These Arduino Gemma-based sneakers will make your run more fun with less injuries!
Like 75% of runners, Maker Lisa Kusaka is an avid jogger, but doesn’t enjoy it so much without her extensive playlist of music. One day, she noticed that certain songs seemed to suit her pace better than others, becoming a natural and entertaining pace keeper. With this in mind, RunBeat was born.
Developed while at SLEM (an international innovation and education institute for footwear located in the Netherlands), it is a smart insole that measures your running pace and generates music with the same beats per minute to match your stride. The system consists of a pressure sensor embedded into the insole beneath the ball of the foot to promote proper running form. The sensor reads the impact of each step and sends the data over to an Arduino Gemma (ATtiny85) located in the shoe’s arch.
This pace data is also transmitted to an accompanying mobile app via Bluetooth. This app then selects the tunes based on the preferred genre and the current running pace. What’s nice is that, since all of the technology is located in a 3D-printed insole and not the sneaker itself, RunBeat is compatible with just about every running shoe on the market.
On top of that, fellow SLEM classmate Chrissy Glove recently came up with an idea to improve the running experience as well. This time, instead of pairing beats to stride, the maker wanted to create a wearable device that would help improve form. Having dealt with injuries throughout her own career, she was well aware as to how imperative injury prevention is to any runner. So, she decided to develop a smart sneaker that would detect improper form in three ways: by recognizing when a runner’s gait differed from their norm, suggesting a forefoot foot strike and detecting the precise location of an injury when one strikes.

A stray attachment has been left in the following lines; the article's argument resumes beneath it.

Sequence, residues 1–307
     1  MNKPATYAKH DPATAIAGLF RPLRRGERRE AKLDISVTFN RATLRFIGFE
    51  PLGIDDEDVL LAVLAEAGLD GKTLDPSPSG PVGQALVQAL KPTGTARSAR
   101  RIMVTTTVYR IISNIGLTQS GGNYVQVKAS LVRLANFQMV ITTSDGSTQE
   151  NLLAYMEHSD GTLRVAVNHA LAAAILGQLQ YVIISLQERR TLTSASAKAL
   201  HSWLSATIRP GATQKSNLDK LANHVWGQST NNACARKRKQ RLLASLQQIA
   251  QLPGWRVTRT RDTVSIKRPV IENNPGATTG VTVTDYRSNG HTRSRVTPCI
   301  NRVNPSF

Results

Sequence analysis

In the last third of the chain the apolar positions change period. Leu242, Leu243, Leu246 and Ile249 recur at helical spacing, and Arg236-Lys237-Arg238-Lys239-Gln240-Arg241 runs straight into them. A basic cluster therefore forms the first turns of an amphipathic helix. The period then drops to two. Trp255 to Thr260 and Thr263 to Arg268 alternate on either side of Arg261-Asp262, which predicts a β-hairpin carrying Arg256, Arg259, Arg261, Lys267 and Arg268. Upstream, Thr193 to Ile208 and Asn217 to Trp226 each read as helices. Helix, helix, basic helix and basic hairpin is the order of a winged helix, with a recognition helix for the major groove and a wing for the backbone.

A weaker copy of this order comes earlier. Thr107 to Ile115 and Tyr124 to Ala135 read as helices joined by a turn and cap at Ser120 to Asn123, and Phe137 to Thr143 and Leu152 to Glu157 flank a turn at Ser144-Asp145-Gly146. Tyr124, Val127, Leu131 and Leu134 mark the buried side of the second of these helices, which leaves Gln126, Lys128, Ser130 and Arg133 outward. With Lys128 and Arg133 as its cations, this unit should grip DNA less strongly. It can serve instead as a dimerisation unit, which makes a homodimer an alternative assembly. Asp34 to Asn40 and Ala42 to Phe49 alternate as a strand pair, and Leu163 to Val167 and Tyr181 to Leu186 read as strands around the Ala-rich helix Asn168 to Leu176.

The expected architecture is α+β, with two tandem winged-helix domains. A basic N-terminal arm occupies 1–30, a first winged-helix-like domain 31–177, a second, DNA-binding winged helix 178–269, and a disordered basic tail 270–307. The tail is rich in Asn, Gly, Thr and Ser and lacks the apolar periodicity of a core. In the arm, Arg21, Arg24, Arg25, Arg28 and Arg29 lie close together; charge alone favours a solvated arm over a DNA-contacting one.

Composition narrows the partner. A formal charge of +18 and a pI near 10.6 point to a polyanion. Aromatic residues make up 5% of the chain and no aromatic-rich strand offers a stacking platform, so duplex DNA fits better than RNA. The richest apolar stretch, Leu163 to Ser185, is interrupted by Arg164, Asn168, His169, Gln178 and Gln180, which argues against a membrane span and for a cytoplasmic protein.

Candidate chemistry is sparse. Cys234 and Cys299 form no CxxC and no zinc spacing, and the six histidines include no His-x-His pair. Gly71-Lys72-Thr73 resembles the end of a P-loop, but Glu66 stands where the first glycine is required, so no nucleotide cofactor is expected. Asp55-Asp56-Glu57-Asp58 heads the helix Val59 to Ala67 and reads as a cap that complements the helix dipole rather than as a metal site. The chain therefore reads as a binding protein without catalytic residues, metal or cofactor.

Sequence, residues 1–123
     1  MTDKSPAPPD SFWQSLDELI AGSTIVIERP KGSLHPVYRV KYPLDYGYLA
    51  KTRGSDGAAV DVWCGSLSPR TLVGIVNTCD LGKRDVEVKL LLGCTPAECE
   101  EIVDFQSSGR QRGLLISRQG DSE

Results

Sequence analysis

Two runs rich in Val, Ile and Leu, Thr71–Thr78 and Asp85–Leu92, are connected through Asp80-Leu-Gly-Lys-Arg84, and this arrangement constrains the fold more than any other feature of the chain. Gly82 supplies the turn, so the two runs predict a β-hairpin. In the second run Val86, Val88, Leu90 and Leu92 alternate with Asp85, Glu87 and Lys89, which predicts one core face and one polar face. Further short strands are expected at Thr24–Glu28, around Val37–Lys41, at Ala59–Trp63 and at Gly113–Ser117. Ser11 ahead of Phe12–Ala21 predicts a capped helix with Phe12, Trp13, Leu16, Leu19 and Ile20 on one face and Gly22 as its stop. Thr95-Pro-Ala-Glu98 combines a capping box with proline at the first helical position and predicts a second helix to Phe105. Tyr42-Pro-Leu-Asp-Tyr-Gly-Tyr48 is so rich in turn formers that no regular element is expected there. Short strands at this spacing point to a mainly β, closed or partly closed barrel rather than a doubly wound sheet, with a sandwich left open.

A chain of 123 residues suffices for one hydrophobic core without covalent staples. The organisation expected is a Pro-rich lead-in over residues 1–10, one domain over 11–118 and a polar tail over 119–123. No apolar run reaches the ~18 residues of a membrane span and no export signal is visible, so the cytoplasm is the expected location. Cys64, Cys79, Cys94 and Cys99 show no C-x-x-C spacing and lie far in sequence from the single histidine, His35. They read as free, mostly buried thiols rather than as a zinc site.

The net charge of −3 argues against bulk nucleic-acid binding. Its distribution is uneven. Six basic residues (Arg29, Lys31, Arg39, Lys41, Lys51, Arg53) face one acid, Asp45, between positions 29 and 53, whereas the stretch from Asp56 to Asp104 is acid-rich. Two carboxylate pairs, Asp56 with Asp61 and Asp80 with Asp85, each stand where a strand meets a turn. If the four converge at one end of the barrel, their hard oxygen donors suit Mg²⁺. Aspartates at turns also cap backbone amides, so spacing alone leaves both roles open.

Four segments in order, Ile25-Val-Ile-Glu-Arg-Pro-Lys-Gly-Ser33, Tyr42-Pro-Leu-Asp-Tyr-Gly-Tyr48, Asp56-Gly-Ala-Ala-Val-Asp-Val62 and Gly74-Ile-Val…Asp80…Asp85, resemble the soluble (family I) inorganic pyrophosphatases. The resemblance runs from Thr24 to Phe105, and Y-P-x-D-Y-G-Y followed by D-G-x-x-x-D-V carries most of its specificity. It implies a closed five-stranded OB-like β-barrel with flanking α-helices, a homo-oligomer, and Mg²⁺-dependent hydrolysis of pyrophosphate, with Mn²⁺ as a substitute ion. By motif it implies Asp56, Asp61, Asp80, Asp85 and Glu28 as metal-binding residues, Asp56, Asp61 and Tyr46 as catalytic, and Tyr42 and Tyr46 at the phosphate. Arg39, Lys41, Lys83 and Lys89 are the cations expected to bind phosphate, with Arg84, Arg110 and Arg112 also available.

The aptly named Strike features a side lacing system to relieve pressure from the tendons on the top of the foot, while Adafruit NeoPixel lights allow for nighttime safety and easy notification. Glove attached an Velostat sensor in the heel pad to an Arduino Gemma (ATtiny85) and a piezo buzzer. These electronics, along with a battery, are all enclosed inside a 3D-printed insole.
The Maker wrote some code that would read the pressure sensor as input, and in turn produce a different effect with the LEDs and piezo buzzer accordingly. For example, when the runner strikes with their heel, they will feel a buzz to alert them so they can modify their footstrike to be more forefoot. Additionally, the shoe records the wearer’s normal foot strike pattern and stores it in its internal memory. This way, should the runner happen to stray away from his or her natural gait, they will be warned in similar fashion.
Beyond that, Glove included electrodes in the shoe that could read the nerve endings on the bottom of the runner’s foot. As a precaution should they get hurt, Strike can better determine the exact location of the injury by buzzing in a varying sequence and illuminating the red LEDs.